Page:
Patients are not the only ones who feel pain! Dentists must take steps to manage their own stress before dealing with that of their patients. The principle of putting your own oxygen mask on first applies here.
Dentists clearly suffer from work-related stress¹. In performing their jobs each day, they rely on both a vast body of knowledge and precise manual skills. They must remain extremely concentrated while working under pressure from the clock, aware that more patients are filling the waiting room, even more during this COVID period.
The stressful life of a dentist
Most dentists treat 45+ patients each week during appointments lasting from 20 to 40 minutes. As they manage this heavy workload, they are subject to numerous occupational stress factors: COVID constraints, noise, postural positioning or the management with often anxious patients.
Symptoms are telling: 60% of general dental practitioners report being nervous, tense or depressed, and having difficulty sleeping. Backache is reported by 68% of dentists². As every dentist knows, musculoskeletal disorders, tension and stress may reduce productivity in their practice.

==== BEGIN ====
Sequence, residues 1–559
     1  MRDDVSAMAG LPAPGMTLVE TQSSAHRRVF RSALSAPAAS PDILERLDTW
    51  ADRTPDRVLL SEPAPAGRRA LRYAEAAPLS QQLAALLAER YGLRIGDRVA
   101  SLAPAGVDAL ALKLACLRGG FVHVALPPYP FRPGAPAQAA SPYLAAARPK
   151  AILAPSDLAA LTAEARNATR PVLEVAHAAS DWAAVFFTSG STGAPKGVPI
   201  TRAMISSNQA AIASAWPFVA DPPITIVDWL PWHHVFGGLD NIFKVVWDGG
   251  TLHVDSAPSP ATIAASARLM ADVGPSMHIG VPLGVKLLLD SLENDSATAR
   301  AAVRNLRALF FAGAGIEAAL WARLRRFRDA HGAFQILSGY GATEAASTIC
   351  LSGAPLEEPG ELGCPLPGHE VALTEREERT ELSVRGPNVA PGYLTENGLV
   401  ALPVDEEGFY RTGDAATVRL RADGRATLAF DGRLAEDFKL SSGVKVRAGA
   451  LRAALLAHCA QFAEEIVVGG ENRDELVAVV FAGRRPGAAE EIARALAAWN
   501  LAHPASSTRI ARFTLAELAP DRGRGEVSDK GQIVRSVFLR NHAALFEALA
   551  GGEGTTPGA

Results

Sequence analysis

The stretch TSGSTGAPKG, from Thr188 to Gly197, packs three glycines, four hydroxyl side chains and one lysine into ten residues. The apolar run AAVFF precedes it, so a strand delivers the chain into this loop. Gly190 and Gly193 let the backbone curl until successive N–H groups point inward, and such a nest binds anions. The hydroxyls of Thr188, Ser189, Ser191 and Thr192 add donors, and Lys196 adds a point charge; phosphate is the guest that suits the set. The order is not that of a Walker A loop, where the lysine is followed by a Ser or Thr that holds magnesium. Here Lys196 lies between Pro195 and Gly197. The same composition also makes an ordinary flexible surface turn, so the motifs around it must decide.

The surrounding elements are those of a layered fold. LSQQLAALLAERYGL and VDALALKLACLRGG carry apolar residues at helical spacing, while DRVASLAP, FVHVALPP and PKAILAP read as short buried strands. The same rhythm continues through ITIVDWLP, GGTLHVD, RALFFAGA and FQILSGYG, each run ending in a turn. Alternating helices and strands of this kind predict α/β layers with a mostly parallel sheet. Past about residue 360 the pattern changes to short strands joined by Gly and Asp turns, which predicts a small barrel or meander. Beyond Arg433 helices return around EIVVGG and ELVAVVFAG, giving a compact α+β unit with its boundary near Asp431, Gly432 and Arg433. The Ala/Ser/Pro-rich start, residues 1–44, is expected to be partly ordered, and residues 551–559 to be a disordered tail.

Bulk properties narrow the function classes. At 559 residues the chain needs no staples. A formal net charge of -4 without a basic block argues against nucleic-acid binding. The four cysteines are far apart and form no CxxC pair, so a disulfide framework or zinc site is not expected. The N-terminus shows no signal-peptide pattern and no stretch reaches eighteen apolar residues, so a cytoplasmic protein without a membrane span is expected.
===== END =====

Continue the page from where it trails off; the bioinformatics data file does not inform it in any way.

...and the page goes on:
Day-to-day operations with staff
The relationship with dental staff is also crucial to a smooth working environment. Team members are a dentist’s best support system because they see all sides of the dental practice, from the perspective of both the patient and the dentist. Dealing with staff issues is often a source of stress for practitioners, simply because managing people is not supposed to be a dentist’s core skill and management training is not always taught as a part of the dental school curriculum.
Managing work-related stress
As a key part of a complete pain management approach, addressing the practitioners’ own pain requires the right professional environment – calming and mood-enhancing music are not just for patients! The first step in coping with stress is to recognize the factors that cause it. And, because stress feeds on stress, it is important to focus on patient interaction – by using a calming voice, for example, and taking the time to reassure anxious patients. Patients have hyper-acute perceptions, and no one wants a tense dentist probing their teeth!
1/2- Source: ‘It’s difficult being a dentist’: stress and health in the general dental practitioner. HL Myers. Br Dent J. 2004.